Legal pot challenges the endless drug warLe Monde Diplomatique (France)
José Mujica has attempted to change the premises and conditions of the drugs wars through the legalisation of marijuana. Although even the people of Uruguay don’t really back their president’s initial reform, it’s a start. Dr Raquel Peyraube, the leading drug treatment specialist in Uruguay, debunks the claim that legalisation will lead to a rise in schizophrenia, saying that if marijuana caused schizophrenia, the rate of the illness would have risen across society over the past few decades, since marijuana use has grown. Yet the rate has held steady.
Dutch News (Netherlands)
Friday, January 31, 2014
In total, 35 local authorities have signed a manifesto calling on the government to sanction official experiments with legal marijuana production. The council leaders argue regulated growing would end the grey area between semi-legalised sales in cannabis cafes and illegal supply by criminal gangs. The signatories include the mayors of Amsterdam, Rotterdam, Eindhoven, Utrecht and Groningen. 'The current situation is unsustainable,' said Rotterdam mayor Ahmed Aboutaleb.
The Local (France)
Thursday, January 30, 2014
France has some of the toughest possession statutes in Europe, but a first of its kind bill proposed could change that. People smoking a joint in France face a maximum penalty of a year behind bars and a €3,750 fine for the first offence, yet 13.4 million French people admit to sparking up at least once in their life. Even France’s Interior Minister Manuel Vallls said in an interview, he’d tried it “maybe once.” Esther Benbassa, the lawmaker behind the legislation tells why marijuana should be legalized in France. Legalizing cannabis has come up regularly in France, but the discussion never has never gotten far.
MP wants end to 'slash and burn' practice by copsJamaica Observer (Jamaica)
Tuesday, January 28, 2014
Raymond Pryce, the North East St Elizabeth member of parliament, is not only a lobbyist for decriminalisation /legalisation of ganja. He plans to optimise on his grandmother's remedies, once the Jamaican Government removes the legal impediment, which now seems to be a foregone conclusion, because the two major political parties appear at one on the issue. "My belief is that we must change the 'fear'-led prohibition regime to a 'fair' and intelligent approach to ganja, and Jamaica must take back its lead role internationally," says Pryce.
Spain is bucking a global trend with its plans to crack down on use of the drugEl País (Spain)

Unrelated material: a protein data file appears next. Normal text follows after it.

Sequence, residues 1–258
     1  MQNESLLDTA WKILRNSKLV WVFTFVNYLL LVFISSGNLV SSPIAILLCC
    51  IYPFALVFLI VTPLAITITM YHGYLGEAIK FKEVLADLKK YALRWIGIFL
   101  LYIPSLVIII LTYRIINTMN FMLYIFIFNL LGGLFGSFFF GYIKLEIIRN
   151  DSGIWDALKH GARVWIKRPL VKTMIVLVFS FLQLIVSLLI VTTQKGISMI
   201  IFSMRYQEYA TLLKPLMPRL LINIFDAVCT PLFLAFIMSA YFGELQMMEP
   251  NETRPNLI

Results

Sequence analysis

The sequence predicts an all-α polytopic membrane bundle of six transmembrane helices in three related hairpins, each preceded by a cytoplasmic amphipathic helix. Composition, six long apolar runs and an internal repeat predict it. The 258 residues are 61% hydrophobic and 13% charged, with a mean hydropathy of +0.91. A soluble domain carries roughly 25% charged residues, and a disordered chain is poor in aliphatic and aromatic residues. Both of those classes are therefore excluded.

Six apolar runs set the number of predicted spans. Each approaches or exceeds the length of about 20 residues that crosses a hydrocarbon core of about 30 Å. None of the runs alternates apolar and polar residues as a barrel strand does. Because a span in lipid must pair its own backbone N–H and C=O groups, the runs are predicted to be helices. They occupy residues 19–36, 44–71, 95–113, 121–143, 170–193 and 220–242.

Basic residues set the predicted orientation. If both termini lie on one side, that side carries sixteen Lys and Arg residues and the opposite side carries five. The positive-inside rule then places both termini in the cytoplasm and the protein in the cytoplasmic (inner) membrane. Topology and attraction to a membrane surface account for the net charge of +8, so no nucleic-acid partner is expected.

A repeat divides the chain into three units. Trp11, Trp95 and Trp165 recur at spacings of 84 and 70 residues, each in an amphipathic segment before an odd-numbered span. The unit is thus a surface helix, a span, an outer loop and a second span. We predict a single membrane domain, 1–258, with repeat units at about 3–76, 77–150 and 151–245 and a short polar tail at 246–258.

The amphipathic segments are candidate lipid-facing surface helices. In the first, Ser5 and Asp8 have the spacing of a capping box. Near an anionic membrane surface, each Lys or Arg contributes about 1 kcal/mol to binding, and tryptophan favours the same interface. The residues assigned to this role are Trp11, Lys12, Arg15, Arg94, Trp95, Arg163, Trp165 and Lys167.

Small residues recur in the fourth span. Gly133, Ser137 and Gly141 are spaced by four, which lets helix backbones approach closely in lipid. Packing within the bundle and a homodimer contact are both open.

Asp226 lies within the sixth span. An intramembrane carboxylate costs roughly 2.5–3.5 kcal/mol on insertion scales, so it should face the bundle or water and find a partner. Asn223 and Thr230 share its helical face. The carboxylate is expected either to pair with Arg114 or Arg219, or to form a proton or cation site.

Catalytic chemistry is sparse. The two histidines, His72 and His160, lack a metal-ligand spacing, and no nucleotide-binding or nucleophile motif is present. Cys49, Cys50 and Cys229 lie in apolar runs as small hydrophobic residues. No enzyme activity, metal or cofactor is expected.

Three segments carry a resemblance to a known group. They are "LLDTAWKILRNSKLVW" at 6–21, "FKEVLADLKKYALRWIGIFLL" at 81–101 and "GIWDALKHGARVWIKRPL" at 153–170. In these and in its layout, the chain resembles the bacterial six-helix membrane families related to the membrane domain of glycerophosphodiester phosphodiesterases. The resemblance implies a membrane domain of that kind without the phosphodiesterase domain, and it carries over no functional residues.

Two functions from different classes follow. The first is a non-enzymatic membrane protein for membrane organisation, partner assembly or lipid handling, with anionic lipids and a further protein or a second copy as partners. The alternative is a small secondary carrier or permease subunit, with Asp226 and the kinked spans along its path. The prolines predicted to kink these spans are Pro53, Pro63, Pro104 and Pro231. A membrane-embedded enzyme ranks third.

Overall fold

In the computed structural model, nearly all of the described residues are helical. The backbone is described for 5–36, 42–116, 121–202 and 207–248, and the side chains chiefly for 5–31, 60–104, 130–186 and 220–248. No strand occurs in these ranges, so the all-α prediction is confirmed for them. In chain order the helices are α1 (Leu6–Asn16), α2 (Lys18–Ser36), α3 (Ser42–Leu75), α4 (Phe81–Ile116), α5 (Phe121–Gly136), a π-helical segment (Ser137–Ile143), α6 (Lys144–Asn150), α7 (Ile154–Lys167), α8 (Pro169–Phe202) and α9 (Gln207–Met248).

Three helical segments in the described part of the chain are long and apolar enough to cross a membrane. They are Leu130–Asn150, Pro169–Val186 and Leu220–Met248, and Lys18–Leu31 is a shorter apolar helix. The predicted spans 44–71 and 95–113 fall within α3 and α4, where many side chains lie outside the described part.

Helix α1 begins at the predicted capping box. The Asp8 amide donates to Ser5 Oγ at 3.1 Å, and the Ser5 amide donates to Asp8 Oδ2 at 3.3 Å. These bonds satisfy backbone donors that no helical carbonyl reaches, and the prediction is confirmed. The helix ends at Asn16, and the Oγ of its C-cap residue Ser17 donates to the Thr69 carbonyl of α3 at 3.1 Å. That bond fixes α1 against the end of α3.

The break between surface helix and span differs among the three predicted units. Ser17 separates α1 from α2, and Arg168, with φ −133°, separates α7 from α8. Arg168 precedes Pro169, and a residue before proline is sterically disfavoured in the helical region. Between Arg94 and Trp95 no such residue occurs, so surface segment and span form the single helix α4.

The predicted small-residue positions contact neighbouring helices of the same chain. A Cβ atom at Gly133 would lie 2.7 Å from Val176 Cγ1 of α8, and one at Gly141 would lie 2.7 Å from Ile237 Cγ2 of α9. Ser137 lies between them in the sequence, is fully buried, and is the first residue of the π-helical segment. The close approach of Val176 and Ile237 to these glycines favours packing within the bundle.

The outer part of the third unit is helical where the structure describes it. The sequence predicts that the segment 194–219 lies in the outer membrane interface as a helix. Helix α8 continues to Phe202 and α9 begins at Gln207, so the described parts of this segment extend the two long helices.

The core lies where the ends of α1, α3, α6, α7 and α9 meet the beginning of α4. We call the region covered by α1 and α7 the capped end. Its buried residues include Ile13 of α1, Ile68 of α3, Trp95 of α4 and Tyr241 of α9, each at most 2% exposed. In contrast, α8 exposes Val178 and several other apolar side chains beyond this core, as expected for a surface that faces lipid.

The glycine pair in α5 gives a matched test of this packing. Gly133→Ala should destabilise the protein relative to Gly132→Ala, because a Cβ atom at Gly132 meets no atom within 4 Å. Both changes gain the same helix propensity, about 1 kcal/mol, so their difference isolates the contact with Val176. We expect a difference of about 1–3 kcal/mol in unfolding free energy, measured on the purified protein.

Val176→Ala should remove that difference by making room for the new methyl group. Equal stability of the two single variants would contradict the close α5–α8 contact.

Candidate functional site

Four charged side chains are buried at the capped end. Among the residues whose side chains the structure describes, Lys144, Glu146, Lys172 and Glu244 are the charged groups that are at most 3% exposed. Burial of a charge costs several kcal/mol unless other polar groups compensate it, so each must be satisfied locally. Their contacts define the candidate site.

Monday, January 27, 2014
Some 20 years ago, a Spanish official in favor of lifting the ban on drugs such as marijuana mentioned at a UN meeting that there "might be a more humane option" in the fight against trafficking. She was immediately taken aside by a senior diplomat, who told her in no uncertain terms: "Don't say things like that round here, not even in the washroom." Today, the same official says that internal documents are now circulating within the UN that openly admit to the failure of prohibition.
EditorialThe Copenhagen Post (Denmark)
Saturday, January 11, 2014
Despite 40 years of prohibition, Danes smoke cannabis. If prohibition continues another 40 years, Danes will still smoke it. So too will residents in Uruguay, Colorado, Washington and the other US states that will inevitably follow suit. But while they will light up legally and boost state coffers, Danes will still be lining the pockets of hardened criminals. (See also: No plans to follow Colorado's lead on cannabis)
Nearly two thirds of Germans are against cannabis being made legal, a new study showsThe Local (Germany)
Thursday, January 9, 2014
Sixty-five percent of Germans say they would reject relaxing laws restricting the production, sale and consumption of marijuana, according to the study conducted by opinion pollsters Forsa for Stern magazine. Just under a third of those asked (29 percent) would like to see the drug legalized, while six percent said they have no opinion on the issue. Among supporters of the Green Party, those in favour of legalization jumped up to 51 percent. The poll of 1,003 Germans will come as a blow to Berlin Green politician Monika Herrmann, who is battling to open a Dutch-style coffee shop in the capital.
The Denver Post (US)
Tuesday, December 31, 2013
Federal marijuana prohibition in the United States started with a knock on a Denver man's apartment door. Seventy-six years ago, Samuel Caldwell became the first person arrested and prosecuted under a federal charge of selling marijuana, after drug enforcement agents busted him with 3 pounds of cannabis in his apartment. Three-quarters of a century and an estimated 26 million marijuana arrests after Caldwell's, legal marijuana sales were set to start at 8 a.m. in Colorado.
The Denver Post (US)
Tuesday, December 31, 2013
On January 1, 2014, Colorado becomes the first place anywhere in the world to allow legal marijuana sales to anybody over 21 for any purpose. You have questions about how it will work? Since the voter-approved Amendment 64 (ah, there it is) went into effect on Dec. 10, 2012, it has been legal for anyone 21 and over to use marijuana or possess up to an ounce of marijuana for any purpose. Here are 64 answers to commonly asked questions.
The Washington Post (US)
Saturday, December 28, 2013
Juan Andres Palese was using a fake name in public when he opened Uruguay’s first store dedicated to cultivating marijuana, where he offered growing equipment and advice but no illegal plants or seeds. Now that President Jose Mujica’s plan to create and regulate the world’s first national marijuana market has the force of law, Palese’s got much bigger plans.